"The tone to be impartial, independent, catholic, conciliatory, aloof from musical clique and controversy, cordial to all good things, but not eager to chime in with any powerful private interest of publisher, professor, concert-giver, manager, society, or party. This paper would make itself the 'organ' of no school or class, but simply an organ of what may be called the Musical Movement in our country, of the growing love of deep and genuine music, of the growing consciousness that music, first amid other forms of Art, is intimately connected with Man's truest life and destiny. It will insist much on the claims of 'Classical' music, and point out its beauties and its meanings, not with a pedantic partiality, but because the enduring needs always to be held up in contrast with the ephemeral. But it will also aim to recognize what good there is in styles more simple, popular, or modern, will give him who is Italian in his tastes an equal hearing with the German, and will even print the articles of those opposed to the partialities or the opinions of the editor, provided they be written briefly, decently, and to the point."

More on Dwight to come...

Tuesday, January 10, 2012

Marking the Hours...

Like most Unitarians, I have a strong Anglo-Catholic side...In that spirit I recommend highly "Marking the Hours: English People and their Prayers 1240-1570" by the Catholic scholar Eamon Duffy. It is a riveting read.

(I suppose it is just barely possible that most Unitarians don't have a strong Anglo-Catholic side but the book is still a great read!)

Thursday, January 5, 2012

irreparable solitude...

This from William Alger's "The Solitudes of Nature and of Man: or the Loneliness of Human Life"

"Every man wrestles with his fate not in the public amphitheatre, but in the profoundest secrecy. The world sees him only as he comes forth from the concealed conflict, a blooming victor or a haggard victim. We hate or pity, we strive or sleep, we laugh or bleed, we sigh and yearn ; but still in impassable separation, like unvisiting isles here and there dotting the sea of life, with sounding straits between us. It is a solemn truth that, in spite of his manifold intercourses, and after all his gossip is done, every man, in what is most himself, and in what is deepest in his spiritual relationships, lives alone. So thoroughly immersed is the veritable heart behind the triple thickness of individual destiny, insulating unlikeness and suspicion, that only the fewest genuine communications pass and repass; rarely in unreserved confidence is the drawbridge lowered, and the portcullis raised... Occasionally, urged by overstress of curiosity and tenderness, taking the dearest ones we know by the hand, we gaze beseechingly into their eyes, sounding those limpid depths, if haply, reading the inmost soul, we may discern there a mysterious thought and fondness, answering to those so unspeakably felt in our own. But again and again we turn away, at last, with a long-drawn breath, sighing, alas, alas! No solicitation can woo, no power can force, admission to that final inviolate sanctuary of being where the personality dwells in irreparable solitude."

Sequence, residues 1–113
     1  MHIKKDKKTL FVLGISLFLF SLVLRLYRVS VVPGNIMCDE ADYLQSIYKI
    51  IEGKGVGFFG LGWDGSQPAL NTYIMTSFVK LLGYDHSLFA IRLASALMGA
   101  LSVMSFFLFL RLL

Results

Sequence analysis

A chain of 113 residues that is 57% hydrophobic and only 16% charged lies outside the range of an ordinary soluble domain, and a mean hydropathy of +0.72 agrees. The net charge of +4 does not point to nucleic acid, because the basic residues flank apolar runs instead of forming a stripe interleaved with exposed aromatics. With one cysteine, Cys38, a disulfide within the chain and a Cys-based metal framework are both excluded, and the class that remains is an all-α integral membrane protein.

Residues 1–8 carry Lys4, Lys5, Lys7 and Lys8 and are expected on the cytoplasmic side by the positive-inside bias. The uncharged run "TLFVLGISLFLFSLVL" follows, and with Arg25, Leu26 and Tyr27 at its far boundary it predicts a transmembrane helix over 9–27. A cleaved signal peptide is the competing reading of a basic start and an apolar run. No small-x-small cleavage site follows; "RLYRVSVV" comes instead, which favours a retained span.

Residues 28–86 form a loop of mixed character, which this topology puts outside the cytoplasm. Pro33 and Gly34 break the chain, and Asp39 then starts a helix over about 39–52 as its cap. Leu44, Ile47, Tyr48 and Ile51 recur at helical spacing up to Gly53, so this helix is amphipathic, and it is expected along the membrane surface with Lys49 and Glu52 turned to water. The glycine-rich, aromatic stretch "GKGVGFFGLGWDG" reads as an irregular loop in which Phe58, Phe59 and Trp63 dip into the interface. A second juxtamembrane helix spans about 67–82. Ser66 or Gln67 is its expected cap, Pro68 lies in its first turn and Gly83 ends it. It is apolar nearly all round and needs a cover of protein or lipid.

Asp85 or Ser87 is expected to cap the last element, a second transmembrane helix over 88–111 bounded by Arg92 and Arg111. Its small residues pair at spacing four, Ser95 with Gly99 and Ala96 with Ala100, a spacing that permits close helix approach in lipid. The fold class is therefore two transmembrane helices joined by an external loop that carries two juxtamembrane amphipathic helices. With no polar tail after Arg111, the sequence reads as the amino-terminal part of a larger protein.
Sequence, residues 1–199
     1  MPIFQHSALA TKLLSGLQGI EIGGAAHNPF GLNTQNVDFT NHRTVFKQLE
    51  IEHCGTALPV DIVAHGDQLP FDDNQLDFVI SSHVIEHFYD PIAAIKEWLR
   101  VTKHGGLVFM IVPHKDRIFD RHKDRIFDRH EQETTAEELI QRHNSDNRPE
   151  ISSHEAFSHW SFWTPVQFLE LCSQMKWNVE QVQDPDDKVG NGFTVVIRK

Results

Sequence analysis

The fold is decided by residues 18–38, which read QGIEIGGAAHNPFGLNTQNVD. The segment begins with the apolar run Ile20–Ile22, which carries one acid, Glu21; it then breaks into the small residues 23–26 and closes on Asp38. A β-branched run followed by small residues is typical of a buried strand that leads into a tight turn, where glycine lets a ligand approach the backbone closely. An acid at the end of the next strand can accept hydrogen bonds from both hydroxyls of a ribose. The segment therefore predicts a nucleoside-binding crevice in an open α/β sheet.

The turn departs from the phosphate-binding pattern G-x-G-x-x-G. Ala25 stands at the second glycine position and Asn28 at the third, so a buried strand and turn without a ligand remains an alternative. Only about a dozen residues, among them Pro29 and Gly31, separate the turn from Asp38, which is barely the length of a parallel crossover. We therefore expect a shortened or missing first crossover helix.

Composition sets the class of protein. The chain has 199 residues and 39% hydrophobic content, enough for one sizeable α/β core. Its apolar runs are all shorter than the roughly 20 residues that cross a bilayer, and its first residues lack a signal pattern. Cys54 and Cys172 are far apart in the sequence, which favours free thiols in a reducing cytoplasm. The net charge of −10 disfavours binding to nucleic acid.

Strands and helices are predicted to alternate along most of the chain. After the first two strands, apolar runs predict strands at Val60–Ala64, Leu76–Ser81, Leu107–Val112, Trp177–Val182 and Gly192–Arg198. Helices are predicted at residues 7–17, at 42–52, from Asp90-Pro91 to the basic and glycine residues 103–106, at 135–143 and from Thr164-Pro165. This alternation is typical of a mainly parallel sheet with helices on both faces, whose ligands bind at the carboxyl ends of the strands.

Have a nice day and...

Monday, January 2, 2012

the true destiny...

This from William Alger, cousin of Horatio, and a Unitarian Minister. He did much fascinating work not least this book, "The Solitudes of Nature and of Man: or the Loneliness of Human Life." I have been reading this book with amazement the last couple of days.

"The true destiny of man is the fruition of the functions of his being, the purest and fullest exercise of his faculties, in their due order, in internal unity and in external harmony. He should therefore seek to perfect himself in the light of the great standards of truth, virtue, beauty, humanity, and God ; and to be contented with himself as reflected by these standards. To seek, instead of this, to see himself flatteringly reflected in the estimation of other people, in whose judgments these standards are often refracted in broken distortions, is the sure way to wretchedness. He who aims at perfection, going out and up in thought and feeling from his defects to its standards, will be happy. He who aims at fame, coming down in thought and feeling from his rich desires to the poor facts, will be miserable. Happiness is the successful pursuit of an aim. Perfection is the grandest of aims, and the only one in which a continuous success is morally possible for all. The happiest of men are the saints and mystics, in whom the social exactions of self are lost in a fruition of the sublimest standard; each wave of force goes out and dies in ecstasyvon a shoreless good. But the selfish plotter feels each wave of force rise and move inward to die, with egotistic disgust, of extinction in the centre. Whoever would live contented and die happy must not pursue public applause, but must give more than is given him, and love without asking a return."